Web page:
Free The Stone: The Difference Between Clingstone and Freestone Peaches

I’m not sure about you but I count down the days to peach season each year. Something about these sweet, yet tart fruits just screams summertime. So at the first chance I get, I head over D’Amico’s Farm Stand in Closter, New Jersey and buy some fresh peaches. What I love about D’Amico’s is the fact that the owner of this 60-year family-run business, John D’Amico, only sources from small farms within a 200-mile radius of Closter. That means, most of his delicious, freshly picked fruits and vegetables come from south Jersey, which is at the heart of the Garden State. D’Amico’s has clingstone fruit until the summer reaches its apex of heat and then begins offering freestone. So, what’s the difference?

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Clingstone peaches from Southern Jersey at D’Amico’s farm stand in Closter, NJ

At first glance, there is no difference between a clingstone and freestone peach, both fuzzy and reddish-pink on the outside. On the inside, however, is where the difference lies. The best way to figure out if your peaches are clingstone or freestone is by slicing the peach down the middle and pulling it apart. If the pit falls out easily, it is freestone. If not, clingstone.

Clingstone peaches are those that when opened, the pit sticks to the pulpy flesh of the fruit. According to goodhousekeeping.com, these peaches are rarely sold in stores but are used mostly in canned fruit. Depending on the location of the peach farm, harvest season for clingstones can range from mid-May to early August. But use them as long as you can! Their large and juicy peach-ness can be used to make great jellies, jams, purees and fantastic summer dishes.

Freestone peaches, on the other hand, separate easily from the fruit. Although larger and less juicy in texture, they are still undeniably sweet. Again, depending on the grower, freestones can be harvested from mid-June to early October. Generally freestone peaches last later into the season than clingstone peaches. They are perfect for cooking because they slice easily and uniformly, making them well-suited to great pie recipes that will leave your guests’ mouths watering.

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One of the best things about summer is the availability of fresh peaches. So whether you enjoy peaches in purees or in pies, these yummy fruits are the perfect means for sweetening up your summer.

 

-Contributions made by Sam Donsky

D’Amico’s Flower Farm, Closter, NJ: Farm Fresh Produce Sourced From 200 Mile Radius

Cheese pumpkins and other beautiful squash, starting at $5 - cheese pumpkins are ideal for baking
Cheese pumpkins and other beautiful squash, starting at $5 – cheese pumpkins are ideal for baking

Ask John D’Amico of D’Amico’s Flower Farm which apple is ideal for baking and you will get an answer as well as an in-depth explanation of how the texture of different varieties are impacted by weather. Traveling up to 200 miles multiple times each week to local farmers for what he considers the best in seasonal produce, eggs, cheese, cider (Melick’s non-preserved only from Hunterdon County), John groups these edibles along with plants and herbs under the modestly sized stand his family has managed for generations. On these darker, colder days of fall, I recently found a beautiful bounty of 12″ broccoli heads and cauliflower, just begging to be turned into pureed soups:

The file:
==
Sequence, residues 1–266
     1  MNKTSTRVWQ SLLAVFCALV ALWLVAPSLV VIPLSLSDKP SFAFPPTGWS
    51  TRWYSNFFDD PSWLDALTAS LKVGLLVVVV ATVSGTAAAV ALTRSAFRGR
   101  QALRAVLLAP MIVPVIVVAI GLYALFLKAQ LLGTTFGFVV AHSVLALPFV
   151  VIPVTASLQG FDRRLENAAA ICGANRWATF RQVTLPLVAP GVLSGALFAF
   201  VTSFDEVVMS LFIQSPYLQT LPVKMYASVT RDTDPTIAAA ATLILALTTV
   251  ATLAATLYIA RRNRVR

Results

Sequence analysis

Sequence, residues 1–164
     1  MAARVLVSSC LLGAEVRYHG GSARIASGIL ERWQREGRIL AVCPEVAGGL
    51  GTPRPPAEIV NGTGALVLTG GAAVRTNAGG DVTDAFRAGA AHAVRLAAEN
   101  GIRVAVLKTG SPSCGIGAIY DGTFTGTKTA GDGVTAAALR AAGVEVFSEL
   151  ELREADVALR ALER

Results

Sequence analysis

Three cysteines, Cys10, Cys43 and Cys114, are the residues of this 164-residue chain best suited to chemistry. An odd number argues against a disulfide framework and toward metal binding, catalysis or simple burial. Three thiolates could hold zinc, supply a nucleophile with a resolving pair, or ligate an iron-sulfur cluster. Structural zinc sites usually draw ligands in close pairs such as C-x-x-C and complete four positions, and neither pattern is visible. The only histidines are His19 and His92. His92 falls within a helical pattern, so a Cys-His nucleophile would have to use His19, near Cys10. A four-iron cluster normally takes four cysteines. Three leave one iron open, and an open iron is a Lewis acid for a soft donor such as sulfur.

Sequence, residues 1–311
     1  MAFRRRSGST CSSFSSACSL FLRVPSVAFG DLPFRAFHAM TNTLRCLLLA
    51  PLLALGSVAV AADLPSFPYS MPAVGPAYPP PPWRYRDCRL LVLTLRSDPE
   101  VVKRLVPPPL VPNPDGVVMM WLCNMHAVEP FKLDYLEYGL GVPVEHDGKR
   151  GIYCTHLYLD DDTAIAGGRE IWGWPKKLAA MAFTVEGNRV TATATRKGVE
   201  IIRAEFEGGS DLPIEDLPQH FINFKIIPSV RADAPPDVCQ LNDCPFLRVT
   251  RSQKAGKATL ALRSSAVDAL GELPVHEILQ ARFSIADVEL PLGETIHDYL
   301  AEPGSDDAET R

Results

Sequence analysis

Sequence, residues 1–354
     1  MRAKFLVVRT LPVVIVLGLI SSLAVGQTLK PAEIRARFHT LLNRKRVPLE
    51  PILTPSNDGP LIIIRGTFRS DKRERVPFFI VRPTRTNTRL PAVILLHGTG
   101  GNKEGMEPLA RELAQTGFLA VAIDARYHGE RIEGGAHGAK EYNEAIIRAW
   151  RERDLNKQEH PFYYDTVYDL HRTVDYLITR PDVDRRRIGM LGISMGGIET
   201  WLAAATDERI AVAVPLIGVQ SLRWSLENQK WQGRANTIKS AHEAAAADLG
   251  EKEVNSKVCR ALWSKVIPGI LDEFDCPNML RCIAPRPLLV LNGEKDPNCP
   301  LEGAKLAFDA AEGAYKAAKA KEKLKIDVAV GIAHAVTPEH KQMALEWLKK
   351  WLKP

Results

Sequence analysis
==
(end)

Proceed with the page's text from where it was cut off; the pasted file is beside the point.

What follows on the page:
Jumbo heads of broccoli, $4 - a steal
Jumbo heads of broccoli, $4 – a steal
Equally reasonable heads of cauliflower - perfect for a quick saute and adding to pasta
Equally reasonable heads of cauliflower – perfect for a quick saute and adding to pasta

One of my favorite ways to serve cauliflower is to steam it until fork tender and add a splash of chicken stock, plenty of butter and grated parmigiano reggiano, then blend with an immersion hand blender.

Giant brussel sprouts, $3 per stalk
Giant brussel sprouts, $3 per stalk

Check out these massive brussel sprouts that look like they were just harvested. At $3.50/stalk, they offer another great buy from this small family farm stand. I love them roasted with olive oil, salt and pepper or steamed and sauced with lemon, butter and Worcestershire, a la New Orleans kitchens. These flavorful cabbage cousins are at peak season now and can even be julianned in salads.

Celeriac, either steamed and pureed or sliced matchstick style into salads or slaw
Celeriac, try either steamed and pureed or sliced matchstick style into salads or slaw

These gnarly celeriac knobs are beautiful and also competitively priced. A little patience and creativity goes a long way with these flavorful tubers.

Parsnip and rutabega not first on your shopping list? Great for an alternative to plain mashed white potatoes and loaded with vitamins.

Parnsip and rutabega
Parnsip and rutabega
Jersey tomatoes
Jersey tomatoes

I continue to buy these (sometimes in baskets half price when a bit bruised) to turn into soups, sauces and slicing into salads and sandwiches until John has no more.

Bosc pears
Bosc pears

Bosc pears are flavorful, hearty pears that remain unscathed in my kids’ lunch boxes since their skin is a bit firmer. They are juicy and full of sweetness. If we don’t eat them quickly enough and they soften and get mushy, they get tossed into a pot of steaming bruised apples (the more varieties the better), a couple inches of cinnamon stick and a half inch of water for apple sauce making. If I don’t have the good fortune of fresh or frozen cranberries on hand, I’ll throw in a handful of dried cranberries for their beautiful pink radiance and tang. But look what John just happened to get in!

NJ Cranberries
NJ Cranberries

I will use about four boxes of these beauties to make my Thanksgiving cranberry relish which is 100% raw. RAW!  I wash the cranberries and toss in my food processor fit with the steel blade, then puree with the peel of a washed navel orange, its juice, a small knob of fresh ginger, along with Vermont maple syrup to taste. This chunky relish is beautiful and delicious, not to mention packed with vitamin C.

Plenty of squash
Plenty of squash

No shortage of hard-fleshed squash at D’Amico’s.  At under $1/pound, it’s also well-priced with butternut and other varieties available through December 1.

and these decorative varieties, perfect for strewing about on buffet tables or down the center of your holiday table punctuated by tea candles
I love these decorative varieties, perfect for strewing about on buffet tables or down the center of your holiday table punctuated by tea candles